Links to the rest of this series here
In the early days of TFA, when the size of the corps each year was fewer than 1000, it was a pretty small world. Unlike now where 6,000 new TFAers attend about twelve different institutes, back in the early and mid-90s, there was just one institute, and I participated in every one from my own in 1991 until around 2002. My workshop on classroom management was always well attended and appreciated.
Back in 1997 my friend Stephanie Kitz recommended that a new TFAer she was training, Michael Johnston, attend my workshop. I don’t remember if we spoke afterwards, but somehow at the 2001 ten year alumni summit in 2001 I spent a good amount of time hanging out late at night with Mike and his girlfriend (now his wife) Courtney. Over the next five years, I’d run into them from time to time at TFA events and always enjoy my time with them.
In 2003, Mike published a book about his two years teaching in Mississippi called ‘In the Deep Heart’s Core.’ It was an excellent and realistic book about the small victories and also the larger losses when trying to help kids overcome so much. I remember going to the book signing at the Barnes and Noble in New York City and when it was my turn to get my book signed, Mike graciously said “The man in whose footsteps I walk” referring to the fact that I had published my own story about my TFA experience a few years earlier. I always found Mike to be a very likeable and gracious guy.
In 2008 while Mike was a principal of a high school in Colorado, I had read that he was one of now-President Obama’s education advisers. Right after the election I asked if he was willing to pass my name onto the new Secretary of Education, whom I had never heard of, Arne Duncan. It never amounted to anything, but I don’t doubt that my name did make it onto some kind of list.
In 2009 I was thrilled for him when he was elected to be a Colorado state senator. At the TFA 20 alumni summit, I heard him speak about how he had gotten some kind of education reform bill passed. I cheered for him at this announcement.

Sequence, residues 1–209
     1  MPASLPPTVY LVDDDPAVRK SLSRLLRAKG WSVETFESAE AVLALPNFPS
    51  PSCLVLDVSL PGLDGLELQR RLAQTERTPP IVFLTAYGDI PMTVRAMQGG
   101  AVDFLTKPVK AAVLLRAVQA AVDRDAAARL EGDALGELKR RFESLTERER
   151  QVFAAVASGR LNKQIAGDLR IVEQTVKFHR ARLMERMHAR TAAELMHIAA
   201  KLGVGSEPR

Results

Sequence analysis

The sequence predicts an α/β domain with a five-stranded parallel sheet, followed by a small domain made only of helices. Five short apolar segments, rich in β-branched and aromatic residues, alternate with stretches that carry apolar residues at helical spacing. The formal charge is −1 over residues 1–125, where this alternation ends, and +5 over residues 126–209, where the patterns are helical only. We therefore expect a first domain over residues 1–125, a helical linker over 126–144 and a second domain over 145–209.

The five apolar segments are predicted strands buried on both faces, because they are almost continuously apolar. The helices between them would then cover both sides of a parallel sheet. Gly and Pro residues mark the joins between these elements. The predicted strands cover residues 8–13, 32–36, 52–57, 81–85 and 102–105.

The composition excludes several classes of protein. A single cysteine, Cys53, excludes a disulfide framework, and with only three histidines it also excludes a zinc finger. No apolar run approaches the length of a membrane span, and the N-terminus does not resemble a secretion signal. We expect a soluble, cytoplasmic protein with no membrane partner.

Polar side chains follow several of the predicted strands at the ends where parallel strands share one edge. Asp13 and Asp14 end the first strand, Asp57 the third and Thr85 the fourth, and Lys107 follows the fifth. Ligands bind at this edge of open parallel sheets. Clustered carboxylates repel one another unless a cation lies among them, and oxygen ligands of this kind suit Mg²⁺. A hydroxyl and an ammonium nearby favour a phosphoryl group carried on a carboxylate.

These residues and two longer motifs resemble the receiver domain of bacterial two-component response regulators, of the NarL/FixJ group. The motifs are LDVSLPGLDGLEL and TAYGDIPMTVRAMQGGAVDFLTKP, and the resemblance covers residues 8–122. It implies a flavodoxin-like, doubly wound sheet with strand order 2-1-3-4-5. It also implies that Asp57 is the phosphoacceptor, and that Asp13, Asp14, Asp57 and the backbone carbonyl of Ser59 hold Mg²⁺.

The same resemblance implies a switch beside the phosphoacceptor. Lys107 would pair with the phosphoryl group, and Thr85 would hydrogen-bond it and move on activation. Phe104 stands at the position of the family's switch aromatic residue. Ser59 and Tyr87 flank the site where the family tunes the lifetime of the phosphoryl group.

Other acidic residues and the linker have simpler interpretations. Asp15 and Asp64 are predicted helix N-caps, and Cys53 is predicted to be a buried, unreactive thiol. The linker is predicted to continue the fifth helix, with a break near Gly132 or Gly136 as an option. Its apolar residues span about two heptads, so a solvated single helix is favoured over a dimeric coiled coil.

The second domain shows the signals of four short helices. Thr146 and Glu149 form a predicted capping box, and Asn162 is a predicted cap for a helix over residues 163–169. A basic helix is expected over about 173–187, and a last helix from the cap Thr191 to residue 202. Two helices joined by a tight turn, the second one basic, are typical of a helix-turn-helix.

After that alumni summit in February 2010, I started learning about what was really going on in ed ‘reform.’ Until then I was always a little suspicious of charters, but I thought them to be relatively harmless. I wasn’t thrilled by ‘Waiting For Superman,’ but really didn’t think much about education policy.
Then, as I learned more, I realized that much of ed ‘reform’ amounted to punishing teachers for not being able to work miracles. And these punishments were justified because of ‘miracle’ schools and ‘superhero’ teachers who were proving that any teacher who says “this is unrealistic” is simply making excuses.
As different players came into my radar over the months, many of them were TFAers. But most of them weren’t people I had hung out with much. So it was with a lot of surprise when I read Steven Brill’s ‘Class Warfare’ and found Mike described as on the ‘reformer’ side while that bill that I had cheered about was an example of using value-added to rank teachers and close schools. I then learned that Mike was supported by Democrats For Education Reform (DFER) an organization that pushes ideas that have little basis in research, but they have the money to push them anyway.